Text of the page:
New Scanner Segmenting Addresses Evolving Market

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It’s no secret that document scanners have continued to get better, faster, and cheaper. Back in July of 2007, Kodak announced a new 60 ppm minute unit with a list price of $6,000 [see DIR 7/20/07]. At last week’s Laserfiche Empower event, Kodak Alaris demoed for us a 70 ppm scanner that lists for $1,700—and the new i2820 includes image processing and paper-handling features unheard of even in substantially higher priced models in 2007.

2007 was also the last time that document scanner market analyst Susan Moyse redid her market segmentation. While working for InfoTrends in the late 1990s, Moyse had divided the document scanner market into five segments—with workgroup (rated speeds of 25 ppm or less and priced below $2,000) on the low end and high-volume production (86 ppm and up, and priced above $40,000) on the upper end. In 2007, she redid this segmentation to account for an increasing number of lower priced scanners being introduced into the market. She created a new “personal” segment for scanners priced below $750.

Actually, it’s probably incorrect to define her previous segmentation as based on price, but that was the shorthand we used primarily in our DIR coverage, because speed ratings, especially the ones advertised by vendors, can sometimes become very confusing. Now, as an employee of infoSource, which tracks worldwide document scanner (as well as other hardware) sales, Moyse has updated her market segmentation. And speed, which she has standardized as meaning 200 dpi, binary, portrait pages per minute, is the primary segmenting factor.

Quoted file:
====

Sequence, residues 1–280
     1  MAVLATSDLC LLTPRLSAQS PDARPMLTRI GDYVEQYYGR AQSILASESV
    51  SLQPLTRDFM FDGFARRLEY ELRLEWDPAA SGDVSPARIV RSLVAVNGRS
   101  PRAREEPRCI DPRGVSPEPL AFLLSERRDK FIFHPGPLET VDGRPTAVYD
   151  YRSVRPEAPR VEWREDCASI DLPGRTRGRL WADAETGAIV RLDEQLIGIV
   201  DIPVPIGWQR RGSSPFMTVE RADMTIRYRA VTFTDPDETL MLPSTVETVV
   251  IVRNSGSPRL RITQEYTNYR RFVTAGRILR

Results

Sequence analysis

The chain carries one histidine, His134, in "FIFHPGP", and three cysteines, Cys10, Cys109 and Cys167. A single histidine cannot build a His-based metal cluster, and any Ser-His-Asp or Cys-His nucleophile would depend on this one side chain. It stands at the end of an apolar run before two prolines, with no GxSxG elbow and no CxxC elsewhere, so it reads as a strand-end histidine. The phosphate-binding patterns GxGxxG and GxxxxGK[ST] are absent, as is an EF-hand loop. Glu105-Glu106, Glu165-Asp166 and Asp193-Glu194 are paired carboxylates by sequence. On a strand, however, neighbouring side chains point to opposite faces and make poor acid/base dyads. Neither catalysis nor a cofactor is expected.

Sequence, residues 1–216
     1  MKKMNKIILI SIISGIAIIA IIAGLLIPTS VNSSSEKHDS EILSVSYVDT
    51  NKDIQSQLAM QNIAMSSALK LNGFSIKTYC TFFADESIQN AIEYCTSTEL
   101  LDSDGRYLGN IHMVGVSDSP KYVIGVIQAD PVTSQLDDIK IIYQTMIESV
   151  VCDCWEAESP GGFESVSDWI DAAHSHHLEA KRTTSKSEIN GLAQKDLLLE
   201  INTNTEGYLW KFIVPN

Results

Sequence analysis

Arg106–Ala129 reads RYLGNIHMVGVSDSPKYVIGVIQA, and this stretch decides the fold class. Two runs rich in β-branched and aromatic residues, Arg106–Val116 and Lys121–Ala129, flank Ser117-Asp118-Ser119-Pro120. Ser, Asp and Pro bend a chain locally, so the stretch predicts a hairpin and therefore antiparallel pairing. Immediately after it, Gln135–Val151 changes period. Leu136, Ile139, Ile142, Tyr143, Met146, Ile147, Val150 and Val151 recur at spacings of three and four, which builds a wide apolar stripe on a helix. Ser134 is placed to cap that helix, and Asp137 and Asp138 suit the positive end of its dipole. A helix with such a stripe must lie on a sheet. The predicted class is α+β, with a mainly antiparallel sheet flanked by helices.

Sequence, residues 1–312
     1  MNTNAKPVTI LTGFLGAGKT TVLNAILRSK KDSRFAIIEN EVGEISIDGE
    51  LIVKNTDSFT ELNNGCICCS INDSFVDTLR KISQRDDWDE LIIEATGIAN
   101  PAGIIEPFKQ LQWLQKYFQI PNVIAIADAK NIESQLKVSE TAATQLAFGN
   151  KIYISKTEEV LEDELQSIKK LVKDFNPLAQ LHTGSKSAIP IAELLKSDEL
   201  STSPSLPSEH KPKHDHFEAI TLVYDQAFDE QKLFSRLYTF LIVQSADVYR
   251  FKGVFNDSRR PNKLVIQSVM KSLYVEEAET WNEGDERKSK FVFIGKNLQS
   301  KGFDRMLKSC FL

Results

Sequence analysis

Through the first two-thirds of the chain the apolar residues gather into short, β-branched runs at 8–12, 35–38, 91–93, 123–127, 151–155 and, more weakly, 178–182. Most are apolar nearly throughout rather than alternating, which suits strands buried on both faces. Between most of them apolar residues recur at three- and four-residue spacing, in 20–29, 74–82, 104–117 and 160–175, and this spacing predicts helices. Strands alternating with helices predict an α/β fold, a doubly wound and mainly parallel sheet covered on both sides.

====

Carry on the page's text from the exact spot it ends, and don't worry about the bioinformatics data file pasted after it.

“Price is also considered, but it’s really too volatile a metric to base our segmentation on,” Moyse told DIR. “And, there is no industry standard for recommended daily duty cycle, so we really can’t use that. We really wanted to tighten things up, especially at the lower end of the market.”

Here’s what the new segmentation looks like:


Speed (ppm)

Typical Price Range



< $400














> 150

> $30

In addition, there is a separate segment for network scanners—defined as dedicated document scanners that are designed to be used primarily through an Ethernet or wireless network connection and include a touchscreen for managing scanning jobs.

Obviously, the lower-end of the market has come down in price (and all the segments have gone up in speed), which is certainly reflective of many of the newer products being introduced. For the first time, Moyse is also including in her numbers mobile scanners that do not come equipped with an ADF. “Mobile scanners have always been a source of controversy,” said Moyse. “There are a lot of differing opinions about what constitutes a mobile product. In my opinion, it’s something that can utilize an alternate power supply [like a battery or USB cable plugged into a laptop].

“The nice thing about the way infoSource makes its market information available is that it’s all in a database that can incorporate different filters. So, if you want to take mobile scanners out of the numbers, you can use a filter to do that.”